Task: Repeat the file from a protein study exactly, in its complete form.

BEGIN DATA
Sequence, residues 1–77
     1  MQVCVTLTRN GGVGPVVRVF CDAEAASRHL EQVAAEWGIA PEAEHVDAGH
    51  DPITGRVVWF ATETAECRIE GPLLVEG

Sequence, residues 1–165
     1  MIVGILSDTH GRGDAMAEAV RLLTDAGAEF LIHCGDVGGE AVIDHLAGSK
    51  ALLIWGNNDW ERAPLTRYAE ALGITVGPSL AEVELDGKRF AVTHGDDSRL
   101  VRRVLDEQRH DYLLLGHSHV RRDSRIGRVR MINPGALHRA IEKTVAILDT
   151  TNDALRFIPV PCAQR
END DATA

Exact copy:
Sequence, residues 1–77
     1  MQVCVTLTRN GGVGPVVRVF CDAEAASRHL EQVAAEWGIA PEAEHVDAGH
    51  DPITGRVVWF ATETAECRIE GPLLVEG

Sequence, residues 1–165
     1  MIVGILSDTH GRGDAMAEAV RLLTDAGAEF LIHCGDVGGE AVIDHLAGSK
    51  ALLIWGNNDW ERAPLTRYAE ALGITVGPSL AEVELDGKRF AVTHGDDSRL
   101  VRRVLDEQRH DYLLLGHSHV RRDSRIGRVR MINPGALHRA IEKTVAILDT
   151  TNDALRFIPV PCAQR